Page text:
Good Wednesday Morning, Fellow Seekers.
You’ve probably heard by now about Trump administration efforts to pretty much eliminate what’s known as “Broad-Based Categorical Eligibility (BBCE)” from the federal Supplemental Nutrition Assistance Program (SNAP), or food stamps.
You’re probably also aware of Republican efforts in Washington — and here in Pennsylvania — to impose work requirements on Medicaid recipients.
What you likely don’t know — but probably won’t be surprised to learn — is that some pretty deep-pocketed conservative interests are behind both pushes. And they’re pumping millions of dollars into those efforts, according to some fascinating digging by the accountability reporting site, SLUDGE, which tracks this kind of spending.
As SLUDGE reports, a group with the pretty innocuous sounding name of the Foundation for Government Accountability “has already achieved some victories, as states including Kansas, Kentucky, Mississippi, and West Virginia have imposed work requirements on SNAP recipients, sometimes using FGA model legislation. A nationwide version of work requirements proposed by the Trump administration is expected to kick hundreds of thousands of poor Americans off of SNAP.”
According to SLUDGE, the “FGA is heavily financed by a powerful Wisconsin foundation birthed by the wealthy, conservative Bradley brothers, multiple nonprofits affiliated with right-wing billionaire industrialist Charles Koch, and two dark money vehicles funded by Koch and Bradley charitable nonprofits. A number of FGA executives and board members work or have worked for other connected Bradley- and Koch-funded think tanks and political groups.”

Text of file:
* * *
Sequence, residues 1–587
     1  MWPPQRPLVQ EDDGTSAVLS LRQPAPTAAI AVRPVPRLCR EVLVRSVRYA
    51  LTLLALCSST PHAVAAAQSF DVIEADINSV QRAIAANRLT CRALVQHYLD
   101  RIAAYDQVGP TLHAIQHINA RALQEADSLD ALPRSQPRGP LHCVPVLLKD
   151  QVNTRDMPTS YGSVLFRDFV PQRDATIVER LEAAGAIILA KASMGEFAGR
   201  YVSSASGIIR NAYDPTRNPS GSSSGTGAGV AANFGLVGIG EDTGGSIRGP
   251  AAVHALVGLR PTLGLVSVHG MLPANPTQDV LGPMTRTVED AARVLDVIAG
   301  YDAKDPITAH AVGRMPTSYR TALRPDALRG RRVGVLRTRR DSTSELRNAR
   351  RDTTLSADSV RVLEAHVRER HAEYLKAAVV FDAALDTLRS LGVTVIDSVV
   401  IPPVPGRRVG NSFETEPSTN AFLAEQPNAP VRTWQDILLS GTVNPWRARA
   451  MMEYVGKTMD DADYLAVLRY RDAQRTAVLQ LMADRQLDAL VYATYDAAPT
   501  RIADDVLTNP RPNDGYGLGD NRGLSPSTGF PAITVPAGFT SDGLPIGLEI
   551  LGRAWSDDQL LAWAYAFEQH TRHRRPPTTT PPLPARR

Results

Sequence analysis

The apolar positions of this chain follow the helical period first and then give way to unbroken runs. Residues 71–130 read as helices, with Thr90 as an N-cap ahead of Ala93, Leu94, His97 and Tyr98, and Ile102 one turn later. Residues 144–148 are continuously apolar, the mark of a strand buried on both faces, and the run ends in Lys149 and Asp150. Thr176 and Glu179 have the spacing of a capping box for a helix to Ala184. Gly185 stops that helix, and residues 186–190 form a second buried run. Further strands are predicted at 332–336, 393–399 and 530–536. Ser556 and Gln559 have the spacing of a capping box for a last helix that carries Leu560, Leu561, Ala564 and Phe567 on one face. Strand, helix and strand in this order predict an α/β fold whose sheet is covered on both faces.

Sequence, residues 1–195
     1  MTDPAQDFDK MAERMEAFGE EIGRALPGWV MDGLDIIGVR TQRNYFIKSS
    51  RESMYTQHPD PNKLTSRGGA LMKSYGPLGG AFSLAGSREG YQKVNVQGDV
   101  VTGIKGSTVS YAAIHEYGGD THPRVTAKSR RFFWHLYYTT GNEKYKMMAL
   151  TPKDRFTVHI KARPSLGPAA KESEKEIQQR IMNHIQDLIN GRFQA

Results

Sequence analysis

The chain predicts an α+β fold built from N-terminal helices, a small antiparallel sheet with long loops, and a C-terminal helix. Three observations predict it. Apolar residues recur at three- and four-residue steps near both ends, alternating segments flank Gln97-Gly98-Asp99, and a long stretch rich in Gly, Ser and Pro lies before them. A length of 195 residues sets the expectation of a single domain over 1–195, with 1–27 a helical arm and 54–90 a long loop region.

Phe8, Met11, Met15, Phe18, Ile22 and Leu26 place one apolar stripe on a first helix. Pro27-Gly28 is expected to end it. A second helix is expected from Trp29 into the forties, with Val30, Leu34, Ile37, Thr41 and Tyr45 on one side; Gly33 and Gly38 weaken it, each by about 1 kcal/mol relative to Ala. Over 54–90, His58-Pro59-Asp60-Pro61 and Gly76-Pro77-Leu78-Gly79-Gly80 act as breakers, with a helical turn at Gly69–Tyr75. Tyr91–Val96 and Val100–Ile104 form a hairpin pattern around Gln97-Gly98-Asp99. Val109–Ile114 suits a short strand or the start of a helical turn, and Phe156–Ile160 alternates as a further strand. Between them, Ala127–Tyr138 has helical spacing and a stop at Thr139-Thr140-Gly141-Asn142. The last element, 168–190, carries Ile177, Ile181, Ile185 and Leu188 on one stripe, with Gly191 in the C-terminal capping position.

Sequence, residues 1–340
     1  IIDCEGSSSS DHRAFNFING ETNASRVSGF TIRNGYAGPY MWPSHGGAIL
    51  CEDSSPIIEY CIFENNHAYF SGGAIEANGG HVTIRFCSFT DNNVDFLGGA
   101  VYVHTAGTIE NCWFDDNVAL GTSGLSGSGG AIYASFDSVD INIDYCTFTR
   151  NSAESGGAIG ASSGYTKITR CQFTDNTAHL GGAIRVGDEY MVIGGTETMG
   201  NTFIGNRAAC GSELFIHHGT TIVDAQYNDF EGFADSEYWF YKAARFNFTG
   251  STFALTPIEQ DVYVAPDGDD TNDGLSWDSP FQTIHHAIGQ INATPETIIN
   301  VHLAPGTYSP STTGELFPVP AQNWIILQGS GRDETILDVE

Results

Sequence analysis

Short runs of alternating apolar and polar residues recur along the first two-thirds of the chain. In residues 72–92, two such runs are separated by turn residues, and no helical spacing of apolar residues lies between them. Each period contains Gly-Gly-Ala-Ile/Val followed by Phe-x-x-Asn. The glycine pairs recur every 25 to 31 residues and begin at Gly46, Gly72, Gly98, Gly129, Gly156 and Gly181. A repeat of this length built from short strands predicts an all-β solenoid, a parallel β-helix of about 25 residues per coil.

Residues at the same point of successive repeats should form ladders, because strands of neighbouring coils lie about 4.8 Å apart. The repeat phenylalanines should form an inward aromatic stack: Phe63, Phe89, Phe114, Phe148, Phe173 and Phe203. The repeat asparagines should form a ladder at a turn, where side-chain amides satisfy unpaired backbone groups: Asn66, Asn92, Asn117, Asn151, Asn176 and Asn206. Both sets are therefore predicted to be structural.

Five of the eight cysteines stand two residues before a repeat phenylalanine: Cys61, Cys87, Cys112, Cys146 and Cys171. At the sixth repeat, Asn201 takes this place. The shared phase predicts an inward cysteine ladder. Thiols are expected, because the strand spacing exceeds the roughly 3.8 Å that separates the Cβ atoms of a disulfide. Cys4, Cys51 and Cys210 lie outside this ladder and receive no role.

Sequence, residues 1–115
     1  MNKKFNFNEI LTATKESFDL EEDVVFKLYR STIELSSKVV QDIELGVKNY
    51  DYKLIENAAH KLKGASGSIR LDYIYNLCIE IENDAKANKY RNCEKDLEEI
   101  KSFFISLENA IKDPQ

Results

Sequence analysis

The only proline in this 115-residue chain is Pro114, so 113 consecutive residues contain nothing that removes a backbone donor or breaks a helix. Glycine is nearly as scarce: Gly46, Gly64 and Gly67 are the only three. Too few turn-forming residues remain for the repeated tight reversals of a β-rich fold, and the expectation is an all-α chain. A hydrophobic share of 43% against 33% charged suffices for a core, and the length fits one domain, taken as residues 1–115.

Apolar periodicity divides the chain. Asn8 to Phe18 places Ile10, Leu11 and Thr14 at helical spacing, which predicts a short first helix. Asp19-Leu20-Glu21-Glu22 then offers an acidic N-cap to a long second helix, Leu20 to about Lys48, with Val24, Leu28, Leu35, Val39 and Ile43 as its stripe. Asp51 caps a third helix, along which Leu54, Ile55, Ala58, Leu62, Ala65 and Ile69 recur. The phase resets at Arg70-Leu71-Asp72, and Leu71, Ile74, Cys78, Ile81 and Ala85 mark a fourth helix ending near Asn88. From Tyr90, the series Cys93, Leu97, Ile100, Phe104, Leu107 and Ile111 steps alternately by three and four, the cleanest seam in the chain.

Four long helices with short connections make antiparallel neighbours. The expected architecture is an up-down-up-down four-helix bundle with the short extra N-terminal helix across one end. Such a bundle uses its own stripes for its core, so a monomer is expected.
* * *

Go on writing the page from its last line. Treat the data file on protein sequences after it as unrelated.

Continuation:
More from SLUDGE:
“FGA and its connected lobbying arm, the Opportunity Solutions Project, are employing a common tactic among conservative economists, policy writers, and free-market ideologues, recasting cuts to public welfare benefits as encouraging “the redeeming power of work.”
“This PR approach to welfare cuts comes out of the playbook of some of FGA’s funders, including the libertarian Koch, CEO of manufacturing conglomerate Koch Industries and one of the richest men in the world.
The Koch political and academic networks have adopted the phrases ‘human flourishing‘ and ‘well-being‘ to characterize harsh cuts to public assistance that many poor people depend on. Regardless of the Koch network’s claims, these kinds of welfare cuts mean more money that the billionaire class gets to keep from the Internal Revenue Service.